Check Your Hurricane Insurance Deductibles Before the Storm Hits

September 3, 2010 | by Fred (email) |

hurricane-storm-mapAs Hurricane Earl makes his way up the Atlantic coast, we have a tangible reminder to review our homeowners insurance policies for hurricane and tropical storm deductibles and exclusions.

Hurricane insurance deductibles can have a dramatic affect on how an insurance company will compensate you in the event your house is damaged in a storm. All too many homeowners find out about these limitations for the first time in the aftermath of a storm, when stresses and tensions are already high and losses are piling up.

What Are Hurricane & Tropical Storm Deductibles?

For those who live in areas rarely or never affected by hurricanes and tropical storms, a special deductible that applies only to “named storms” is probably a new idea. Simple stated, these deductibles limit the amount of money an insurance company will pay you if your house is damaged by a storm, either directly or indirectly.

The deductibles are usually expressed as a percentage of the value of your home’s coverage. For example, you might see language that says “Named storm deductible – 5%” on your policy declarations page. While this percentage may sound small, the deductible is calculated by multiplying the percentage by the entire coverage value stated in the policy.

For example, if you have $500,000 of coverage on your home, the applicable deductible is a whopping $25,000! That means you have to pay for the first $25,000 in repairs before your insurance company will contribute a dime to helping you rebuild. If the repairs fall short of $25,000, you’ll cover the entire cost out of pocket.

What is a Named Storm and How Is the Term Used?

Some insurance companies use the term “named storm” to classify storms that are included in the deductible limitations, while other companies will limit coverage for all windstorms. A named storm is usually defined as a storm that is given a name by the National Oceanic and Atmospheric Administration (NOAA). Names of storms are pre-planned (a list of them can be found here) and dolled out to storms that meet the criteria for classification.

By relying on a storm’s named status, insurance carriers can remove some of the ambiguity around whether a particular wind storm is affected by the limitations.

What are Typical Hurricane Insurance Deductibles?

While not all policies include hurricane and tropical storm limitations, those that do can range anywhere from 1% all the way up to 100% of the property. When they are 100% excluded, they are no longer described as “deductibles” but rather as “exclusions” or “limitations.” Unfortunately, there is no benchmark for what is typical, because disaster risk varies significantly between geography, location, house type, and more.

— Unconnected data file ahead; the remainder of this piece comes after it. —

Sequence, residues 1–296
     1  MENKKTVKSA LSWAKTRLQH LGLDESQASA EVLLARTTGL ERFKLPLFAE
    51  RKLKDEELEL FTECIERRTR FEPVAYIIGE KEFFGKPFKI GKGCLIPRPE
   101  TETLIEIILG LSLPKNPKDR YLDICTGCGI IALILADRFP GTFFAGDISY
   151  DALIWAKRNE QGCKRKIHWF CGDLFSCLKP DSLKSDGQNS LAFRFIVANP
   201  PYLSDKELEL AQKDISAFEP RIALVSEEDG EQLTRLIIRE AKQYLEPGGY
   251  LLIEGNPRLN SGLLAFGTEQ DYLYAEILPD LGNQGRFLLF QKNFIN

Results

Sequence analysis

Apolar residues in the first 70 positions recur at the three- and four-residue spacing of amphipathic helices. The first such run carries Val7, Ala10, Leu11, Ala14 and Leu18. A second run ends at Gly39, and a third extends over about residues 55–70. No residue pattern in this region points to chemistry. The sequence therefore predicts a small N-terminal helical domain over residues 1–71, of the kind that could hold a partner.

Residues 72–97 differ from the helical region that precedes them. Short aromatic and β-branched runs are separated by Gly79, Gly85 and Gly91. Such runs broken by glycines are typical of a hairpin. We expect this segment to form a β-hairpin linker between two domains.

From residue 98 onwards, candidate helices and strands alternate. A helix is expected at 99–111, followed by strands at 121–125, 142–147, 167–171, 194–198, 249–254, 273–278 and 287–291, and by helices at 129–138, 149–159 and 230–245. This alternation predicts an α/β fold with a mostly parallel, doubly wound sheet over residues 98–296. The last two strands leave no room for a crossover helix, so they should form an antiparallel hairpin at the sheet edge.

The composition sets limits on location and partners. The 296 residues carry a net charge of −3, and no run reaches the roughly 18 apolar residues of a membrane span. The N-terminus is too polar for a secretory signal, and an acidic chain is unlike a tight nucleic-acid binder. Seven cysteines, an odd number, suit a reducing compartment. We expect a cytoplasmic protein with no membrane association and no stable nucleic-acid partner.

That said, it is important to realize that not all insurance companies provide identical coverage, even in the same areas. For example, in Baltimore County, Maryland, Allstate has a 3% hurricane deductible, while Geico and other companies have no such limitation. Even individual insurance company policies will vary by state.

To find out what is typical in your area, there’s really only one way to go about it: get multiple quotes. You can use an online service to do this for you, call each company individually, or get a broker to help out. When discussing your options with the company, let them know what is important to you. For example, if you absolutely don’t want to bear a large risk for a named storm, state that as your goal up front. It will save you and them a lot of time.

Insurance Dispute Rights

Rights for insured persons vary heavily by state, so you should contact your state’s insurance regulatory body to understand what limitations might be imposed on insurers in your state in terms of exclusions and limitations. Be aware, however, that tropical storm deductibles and exclusions are generally legal and binding. Once a hurricane causes the damage on your house, the time has passed where you can shop around or negotiate the deductible.

What do you think? If you live in hurricane alley and are affected by a deductible like this, please let us know in the comments.


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